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The working title of this film was Farewell My Lovely, and several sources reviewed the film under that title. According to a New York Times article, RKO changed the title after the results of an Audience Research Inc. poll showed that audiences felt that the title suggested a Dick Powell musical. Modern sources add that the release of the film was delayed because of the title change. Finding the correct title was especially important because the studio wanted to differentiate this film from the musicals with which Powell had been associated. The Hollywood Reporter review comments that this picture launched "Dick Powell upon an entirely different type of film acting career...that of a tough hardbitten...detective." In a 1946 Saturday Evening Post article, Powell wrote that Murder My Sweet ended his ten-year effort to escape musicals. Powell said that when he asked RKO studio chief Charles Koerner for a "solid tough guy" character to portray, Koerner offered him the role of "Philip Marlowe." The Hollywood Reporter review also notes the importance of this film in elevating the crime picture to the "A" brackets. The review states that "1944 May go down as the year in which Hollywood boosted the crime picture from its long accepted state as the old reliable of the B and lesser brackets, gave it the gold dust treatment...and found the dust growing into huge, comforting chunks of bullion."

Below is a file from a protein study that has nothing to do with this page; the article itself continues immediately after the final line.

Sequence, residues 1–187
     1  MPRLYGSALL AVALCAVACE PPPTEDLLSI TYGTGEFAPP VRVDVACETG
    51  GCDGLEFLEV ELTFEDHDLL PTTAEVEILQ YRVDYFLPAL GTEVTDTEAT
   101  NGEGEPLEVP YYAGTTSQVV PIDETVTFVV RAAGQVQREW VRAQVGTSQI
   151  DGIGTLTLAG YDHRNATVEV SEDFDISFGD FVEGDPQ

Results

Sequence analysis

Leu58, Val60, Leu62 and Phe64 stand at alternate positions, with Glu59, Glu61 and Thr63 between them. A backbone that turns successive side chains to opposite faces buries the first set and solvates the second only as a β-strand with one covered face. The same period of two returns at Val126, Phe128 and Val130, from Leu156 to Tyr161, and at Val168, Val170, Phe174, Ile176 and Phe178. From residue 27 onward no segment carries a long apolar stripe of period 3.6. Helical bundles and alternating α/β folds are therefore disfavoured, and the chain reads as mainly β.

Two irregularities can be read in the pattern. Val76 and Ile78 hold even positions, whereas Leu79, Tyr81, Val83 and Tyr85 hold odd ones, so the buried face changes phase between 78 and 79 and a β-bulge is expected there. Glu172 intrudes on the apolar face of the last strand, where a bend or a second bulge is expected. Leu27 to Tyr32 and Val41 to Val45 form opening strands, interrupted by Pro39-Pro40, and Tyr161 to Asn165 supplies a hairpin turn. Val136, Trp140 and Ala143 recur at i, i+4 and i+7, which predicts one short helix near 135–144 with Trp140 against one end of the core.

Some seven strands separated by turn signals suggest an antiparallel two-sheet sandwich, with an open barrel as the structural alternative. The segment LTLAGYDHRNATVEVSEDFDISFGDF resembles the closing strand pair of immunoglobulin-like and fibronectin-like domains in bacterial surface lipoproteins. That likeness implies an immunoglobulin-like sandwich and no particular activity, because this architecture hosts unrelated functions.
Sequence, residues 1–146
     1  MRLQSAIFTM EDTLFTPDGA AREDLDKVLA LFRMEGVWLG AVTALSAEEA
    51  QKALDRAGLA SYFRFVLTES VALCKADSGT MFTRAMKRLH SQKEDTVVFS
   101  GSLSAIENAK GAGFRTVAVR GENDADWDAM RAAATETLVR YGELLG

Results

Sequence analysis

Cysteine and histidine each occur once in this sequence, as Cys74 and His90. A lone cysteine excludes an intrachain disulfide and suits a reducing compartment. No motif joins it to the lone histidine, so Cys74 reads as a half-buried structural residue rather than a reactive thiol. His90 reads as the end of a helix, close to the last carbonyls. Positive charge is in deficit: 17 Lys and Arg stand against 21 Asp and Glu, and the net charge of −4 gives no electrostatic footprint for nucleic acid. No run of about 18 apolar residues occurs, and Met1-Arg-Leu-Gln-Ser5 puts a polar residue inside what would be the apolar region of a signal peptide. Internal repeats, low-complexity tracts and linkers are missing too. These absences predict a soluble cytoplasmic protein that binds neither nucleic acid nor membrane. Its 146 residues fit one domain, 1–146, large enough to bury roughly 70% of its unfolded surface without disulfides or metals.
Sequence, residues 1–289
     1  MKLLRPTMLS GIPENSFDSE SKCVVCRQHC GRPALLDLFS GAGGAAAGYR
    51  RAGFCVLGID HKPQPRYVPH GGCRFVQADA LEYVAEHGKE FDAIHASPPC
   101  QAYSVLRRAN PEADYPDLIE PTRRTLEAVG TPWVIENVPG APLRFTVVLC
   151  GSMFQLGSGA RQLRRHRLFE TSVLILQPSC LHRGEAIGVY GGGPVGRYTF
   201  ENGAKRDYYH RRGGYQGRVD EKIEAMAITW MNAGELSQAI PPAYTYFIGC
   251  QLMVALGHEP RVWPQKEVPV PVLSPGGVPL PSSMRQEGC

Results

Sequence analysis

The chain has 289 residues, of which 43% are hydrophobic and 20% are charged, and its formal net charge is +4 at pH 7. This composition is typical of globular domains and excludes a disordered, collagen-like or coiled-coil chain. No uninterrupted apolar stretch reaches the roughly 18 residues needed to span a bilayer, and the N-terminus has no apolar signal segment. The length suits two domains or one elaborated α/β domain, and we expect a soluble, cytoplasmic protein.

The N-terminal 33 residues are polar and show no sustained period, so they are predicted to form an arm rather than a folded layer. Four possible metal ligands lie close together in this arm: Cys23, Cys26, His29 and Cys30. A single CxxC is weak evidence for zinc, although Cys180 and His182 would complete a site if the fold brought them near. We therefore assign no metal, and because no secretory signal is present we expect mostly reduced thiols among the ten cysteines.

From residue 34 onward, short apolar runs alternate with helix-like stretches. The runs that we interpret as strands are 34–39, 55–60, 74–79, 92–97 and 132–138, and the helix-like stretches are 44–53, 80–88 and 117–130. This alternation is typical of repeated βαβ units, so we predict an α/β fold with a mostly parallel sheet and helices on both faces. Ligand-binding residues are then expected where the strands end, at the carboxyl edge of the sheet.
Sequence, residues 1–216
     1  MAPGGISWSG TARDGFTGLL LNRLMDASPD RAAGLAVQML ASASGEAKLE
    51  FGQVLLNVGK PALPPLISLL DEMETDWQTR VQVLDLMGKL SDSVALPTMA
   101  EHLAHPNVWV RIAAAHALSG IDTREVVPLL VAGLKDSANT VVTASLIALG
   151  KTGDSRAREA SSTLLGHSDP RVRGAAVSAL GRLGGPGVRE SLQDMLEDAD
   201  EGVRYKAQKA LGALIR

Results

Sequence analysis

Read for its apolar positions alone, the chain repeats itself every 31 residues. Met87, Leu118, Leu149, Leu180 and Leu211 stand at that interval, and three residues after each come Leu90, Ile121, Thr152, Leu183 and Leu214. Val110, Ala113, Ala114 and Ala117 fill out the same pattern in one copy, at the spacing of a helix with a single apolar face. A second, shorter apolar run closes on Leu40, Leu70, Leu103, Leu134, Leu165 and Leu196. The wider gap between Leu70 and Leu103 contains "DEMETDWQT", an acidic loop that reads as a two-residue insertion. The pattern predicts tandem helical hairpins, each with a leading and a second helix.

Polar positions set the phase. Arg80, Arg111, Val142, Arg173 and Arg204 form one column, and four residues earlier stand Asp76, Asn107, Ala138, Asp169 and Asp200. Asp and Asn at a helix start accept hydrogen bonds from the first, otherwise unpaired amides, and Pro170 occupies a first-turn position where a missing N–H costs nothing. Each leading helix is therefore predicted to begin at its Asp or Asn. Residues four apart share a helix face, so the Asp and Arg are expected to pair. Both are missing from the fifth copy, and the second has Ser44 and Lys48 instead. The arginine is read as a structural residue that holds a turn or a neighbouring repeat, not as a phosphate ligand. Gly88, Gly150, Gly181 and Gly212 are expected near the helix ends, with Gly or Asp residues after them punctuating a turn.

RKO first produced the Raymond Chandler novel in 1942 as a "B" picture titled The Falcon Takes Over . The Chandler novel also served as the basis for the 1974 Avco-Embassy film Farewell, My Lovely, starring Robert Mitchum and Charlotte Rampling and directed by Dick Richards. Murder My Sweet was the first film to feature detective "Philip Marlowe". Among other films featuring the character of "Marlowe" are the 1946 M-G-M film Lady in the Lake starring Robert Montgomery as the detective, the 1946 Warner Bros. film The Big Sleep starring Humphrey Bogart, the 1947 Fox film The Brasher Doubloon the 1969 M-G-M film Marlowe starring James Garner and the 1973 United Artist's film The Long Goodbye starring Elliott Gould. According to a pre-production news item in Hollywood Reporter, RKO considered Ann Dvorak for a lead in the 1944 picture. Night locations were shot in the Hollywood Hills, according to Hollywood Reporter. This picture marked Adrian Scott's first assignment as a producer. According to a post-release news item in Hollywood Reporter, the box office success of this film won Scott a new contract with RKO. Actress Anne Shirley was married to Scott from 1945 through 1949. This was the last film she made before her death in 1993. Dick Powell and Claire Trevor reprised their roles in a Lux Radio Theatre broadcast on June 11, 1945.